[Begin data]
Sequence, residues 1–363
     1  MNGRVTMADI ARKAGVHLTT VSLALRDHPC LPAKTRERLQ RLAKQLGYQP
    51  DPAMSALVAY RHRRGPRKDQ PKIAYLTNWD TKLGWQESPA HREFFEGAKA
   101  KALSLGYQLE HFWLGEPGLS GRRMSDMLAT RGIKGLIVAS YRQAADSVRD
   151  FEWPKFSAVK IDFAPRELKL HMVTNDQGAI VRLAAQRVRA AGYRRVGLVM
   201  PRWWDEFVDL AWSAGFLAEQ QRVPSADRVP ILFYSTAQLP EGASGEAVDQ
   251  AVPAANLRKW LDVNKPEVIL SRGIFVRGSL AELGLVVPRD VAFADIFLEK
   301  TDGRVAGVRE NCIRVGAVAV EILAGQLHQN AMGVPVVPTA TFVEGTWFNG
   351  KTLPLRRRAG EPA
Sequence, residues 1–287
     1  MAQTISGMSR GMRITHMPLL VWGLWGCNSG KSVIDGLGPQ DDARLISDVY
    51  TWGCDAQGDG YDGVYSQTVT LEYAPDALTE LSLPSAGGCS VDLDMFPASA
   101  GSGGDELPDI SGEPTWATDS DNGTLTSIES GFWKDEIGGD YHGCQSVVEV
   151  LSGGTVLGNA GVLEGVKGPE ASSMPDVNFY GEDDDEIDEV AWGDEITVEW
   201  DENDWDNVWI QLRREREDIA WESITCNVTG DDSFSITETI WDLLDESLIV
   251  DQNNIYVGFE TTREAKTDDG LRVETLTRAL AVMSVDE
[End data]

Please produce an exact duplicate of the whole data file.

Sequence, residues 1–363
     1  MNGRVTMADI ARKAGVHLTT VSLALRDHPC LPAKTRERLQ RLAKQLGYQP
    51  DPAMSALVAY RHRRGPRKDQ PKIAYLTNWD TKLGWQESPA HREFFEGAKA
   101  KALSLGYQLE HFWLGEPGLS GRRMSDMLAT RGIKGLIVAS YRQAADSVRD
   151  FEWPKFSAVK IDFAPRELKL HMVTNDQGAI VRLAAQRVRA AGYRRVGLVM
   201  PRWWDEFVDL AWSAGFLAEQ QRVPSADRVP ILFYSTAQLP EGASGEAVDQ
   251  AVPAANLRKW LDVNKPEVIL SRGIFVRGSL AELGLVVPRD VAFADIFLEK
   301  TDGRVAGVRE NCIRVGAVAV EILAGQLHQN AMGVPVVPTA TFVEGTWFNG
   351  KTLPLRRRAG EPA
Sequence, residues 1–287
     1  MAQTISGMSR GMRITHMPLL VWGLWGCNSG KSVIDGLGPQ DDARLISDVY
    51  TWGCDAQGDG YDGVYSQTVT LEYAPDALTE LSLPSAGGCS VDLDMFPASA
   101  GSGGDELPDI SGEPTWATDS DNGTLTSIES GFWKDEIGGD YHGCQSVVEV
   151  LSGGTVLGNA GVLEGVKGPE ASSMPDVNFY GEDDDEIDEV AWGDEITVEW
   201  DENDWDNVWI QLRREREDIA WESITCNVTG DDSFSITETI WDLLDESLIV
   251  DQNNIYVGFE TTREAKTDDG LRVETLTRAL AVMSVDE